How excited are you for the show?
VERY excited, though I’ve tried to manage my expectations since I’ve listened to the soundtrack 100 times. I wonder if seeing it live will only provide a marginal increase in pleasure.
Are people singing songs in the line?
We occasionally sing out loud together but it’s mostly pretty chill. I would say there’s not too much excitement — most people in line aren’t getting into the show that day. But for those of us in front, there’s excitement and anticipation.
Did you have to cancel any plans this week to be in the line?
There have been one or two things I’ve needed to reschedule, but otherwise, I’ve been able to keep all of my commitments.
Have you gone home at all?
During the shows, we’re not allowed to be in front of the theater because there are hundreds of people waiting for the cast to come out. So that’s a time when whoever is in charge tells us — okay, everyone, be back here by the time the show ends, and that is a time when I was able to go home for a super fast shower and to gather more supplies. We basically have two hours of a break in the line.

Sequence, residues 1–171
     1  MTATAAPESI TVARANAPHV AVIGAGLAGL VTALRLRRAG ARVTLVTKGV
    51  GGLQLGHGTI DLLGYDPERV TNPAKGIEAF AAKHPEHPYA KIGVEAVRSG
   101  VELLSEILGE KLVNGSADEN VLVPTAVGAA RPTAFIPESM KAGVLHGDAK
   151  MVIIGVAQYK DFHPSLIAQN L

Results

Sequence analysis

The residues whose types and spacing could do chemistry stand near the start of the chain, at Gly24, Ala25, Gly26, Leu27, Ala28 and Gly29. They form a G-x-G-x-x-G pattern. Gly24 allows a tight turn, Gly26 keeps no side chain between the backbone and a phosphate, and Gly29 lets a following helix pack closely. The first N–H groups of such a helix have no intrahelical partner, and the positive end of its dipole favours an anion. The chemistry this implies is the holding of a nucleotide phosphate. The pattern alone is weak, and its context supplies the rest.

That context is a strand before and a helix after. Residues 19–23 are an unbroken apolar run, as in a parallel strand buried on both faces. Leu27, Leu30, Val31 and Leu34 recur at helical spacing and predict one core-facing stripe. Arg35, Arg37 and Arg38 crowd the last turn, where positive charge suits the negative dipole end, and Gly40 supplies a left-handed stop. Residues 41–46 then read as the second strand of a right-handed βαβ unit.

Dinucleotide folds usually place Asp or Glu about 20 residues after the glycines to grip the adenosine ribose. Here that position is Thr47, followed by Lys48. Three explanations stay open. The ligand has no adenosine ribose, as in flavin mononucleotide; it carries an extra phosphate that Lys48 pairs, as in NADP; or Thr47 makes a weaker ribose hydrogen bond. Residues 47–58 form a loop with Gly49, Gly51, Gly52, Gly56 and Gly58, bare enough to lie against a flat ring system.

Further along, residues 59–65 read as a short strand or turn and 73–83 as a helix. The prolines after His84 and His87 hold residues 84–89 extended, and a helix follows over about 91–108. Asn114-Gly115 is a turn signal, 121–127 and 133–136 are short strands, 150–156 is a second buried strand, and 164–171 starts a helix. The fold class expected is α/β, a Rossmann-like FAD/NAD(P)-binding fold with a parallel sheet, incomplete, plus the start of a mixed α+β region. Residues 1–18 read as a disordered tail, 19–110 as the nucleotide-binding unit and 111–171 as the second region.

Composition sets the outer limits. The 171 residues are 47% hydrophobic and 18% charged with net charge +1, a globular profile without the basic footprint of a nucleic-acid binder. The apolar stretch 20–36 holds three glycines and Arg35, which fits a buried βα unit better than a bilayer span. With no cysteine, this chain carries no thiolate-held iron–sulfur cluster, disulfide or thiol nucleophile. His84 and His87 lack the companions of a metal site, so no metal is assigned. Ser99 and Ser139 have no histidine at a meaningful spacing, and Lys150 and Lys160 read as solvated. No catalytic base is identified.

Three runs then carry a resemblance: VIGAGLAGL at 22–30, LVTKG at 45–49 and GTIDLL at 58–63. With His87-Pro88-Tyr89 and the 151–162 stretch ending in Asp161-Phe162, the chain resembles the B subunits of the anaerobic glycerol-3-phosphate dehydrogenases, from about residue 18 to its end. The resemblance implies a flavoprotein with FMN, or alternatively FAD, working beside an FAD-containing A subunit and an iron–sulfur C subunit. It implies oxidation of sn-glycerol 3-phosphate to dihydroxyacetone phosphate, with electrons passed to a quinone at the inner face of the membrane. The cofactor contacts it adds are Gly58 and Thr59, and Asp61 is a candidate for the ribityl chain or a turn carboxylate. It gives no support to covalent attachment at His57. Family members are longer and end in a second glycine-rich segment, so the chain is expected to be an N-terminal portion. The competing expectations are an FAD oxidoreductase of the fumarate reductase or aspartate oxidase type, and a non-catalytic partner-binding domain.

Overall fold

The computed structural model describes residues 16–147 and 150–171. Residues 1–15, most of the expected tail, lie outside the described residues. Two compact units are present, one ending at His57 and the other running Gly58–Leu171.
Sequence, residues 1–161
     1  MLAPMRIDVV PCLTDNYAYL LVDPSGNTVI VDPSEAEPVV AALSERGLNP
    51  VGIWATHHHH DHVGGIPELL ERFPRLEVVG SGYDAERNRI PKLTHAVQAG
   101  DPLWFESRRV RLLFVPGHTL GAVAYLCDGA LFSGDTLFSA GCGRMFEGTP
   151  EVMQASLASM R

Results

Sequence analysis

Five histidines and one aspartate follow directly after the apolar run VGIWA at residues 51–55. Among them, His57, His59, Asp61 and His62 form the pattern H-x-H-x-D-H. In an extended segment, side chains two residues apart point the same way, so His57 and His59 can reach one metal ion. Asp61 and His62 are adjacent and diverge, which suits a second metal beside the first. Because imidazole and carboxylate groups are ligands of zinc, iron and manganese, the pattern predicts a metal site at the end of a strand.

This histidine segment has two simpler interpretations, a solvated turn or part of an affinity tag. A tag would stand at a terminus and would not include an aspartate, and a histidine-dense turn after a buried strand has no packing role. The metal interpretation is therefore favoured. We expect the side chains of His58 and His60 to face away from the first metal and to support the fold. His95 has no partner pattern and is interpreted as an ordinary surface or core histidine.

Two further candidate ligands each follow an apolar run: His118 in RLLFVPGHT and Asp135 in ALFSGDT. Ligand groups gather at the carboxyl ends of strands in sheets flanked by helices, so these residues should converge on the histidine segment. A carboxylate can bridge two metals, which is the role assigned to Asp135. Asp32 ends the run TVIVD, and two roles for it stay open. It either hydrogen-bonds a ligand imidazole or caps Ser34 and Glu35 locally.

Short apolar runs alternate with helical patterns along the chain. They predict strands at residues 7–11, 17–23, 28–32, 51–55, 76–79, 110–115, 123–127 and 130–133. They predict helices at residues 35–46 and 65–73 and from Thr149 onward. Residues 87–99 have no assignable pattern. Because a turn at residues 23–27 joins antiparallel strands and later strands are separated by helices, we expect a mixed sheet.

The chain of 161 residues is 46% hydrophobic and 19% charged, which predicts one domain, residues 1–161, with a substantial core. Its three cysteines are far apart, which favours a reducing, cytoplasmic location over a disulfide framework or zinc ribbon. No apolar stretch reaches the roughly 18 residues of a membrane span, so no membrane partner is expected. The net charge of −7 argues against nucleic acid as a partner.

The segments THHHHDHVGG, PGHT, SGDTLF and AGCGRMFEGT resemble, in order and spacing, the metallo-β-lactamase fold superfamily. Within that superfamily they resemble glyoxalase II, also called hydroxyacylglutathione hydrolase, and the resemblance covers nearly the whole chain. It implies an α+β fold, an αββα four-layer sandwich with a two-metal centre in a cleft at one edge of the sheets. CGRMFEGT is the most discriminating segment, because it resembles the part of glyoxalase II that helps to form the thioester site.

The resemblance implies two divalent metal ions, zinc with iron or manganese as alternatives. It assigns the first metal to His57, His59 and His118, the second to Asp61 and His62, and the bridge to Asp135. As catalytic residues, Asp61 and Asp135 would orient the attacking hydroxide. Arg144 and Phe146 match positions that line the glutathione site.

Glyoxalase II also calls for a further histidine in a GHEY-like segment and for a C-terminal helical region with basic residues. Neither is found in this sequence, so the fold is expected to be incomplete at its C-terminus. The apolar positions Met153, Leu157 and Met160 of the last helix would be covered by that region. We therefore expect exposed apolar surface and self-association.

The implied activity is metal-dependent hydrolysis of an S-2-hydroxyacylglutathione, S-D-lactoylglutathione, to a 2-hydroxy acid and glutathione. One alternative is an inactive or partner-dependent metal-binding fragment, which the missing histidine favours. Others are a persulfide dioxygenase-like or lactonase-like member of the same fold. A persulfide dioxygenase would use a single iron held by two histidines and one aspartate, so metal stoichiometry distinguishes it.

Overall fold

How many people are behind you in line?
Right now, about 20-25.
And some of these people will be out there for days?
We’re telling people it’s a three-night wait.
Has it rained at all?
Yeah, it rained the second night, but luckily we were under the awning, but basically I stayed mostly dry.
Is there anything you’ve learned about yourself, about society, about culture from being in this line?
I think the power of the crowd to self-regulate and come up with rules that benefit the whole is one thing that this line demonstrates very well. I’ve also noticed Adonis’s leadership qualities. I’ve always said this, but the people you meet in the Hamilton cancellation line are the best people. I’ve been in two or three Hamilton cancellation lines but I’ve never slept overnight. I always have fantastic conversations with people — about theater, about government, about life. They’re just very thoughtful, smart, interesting, fun people.
Why did you leave those lines?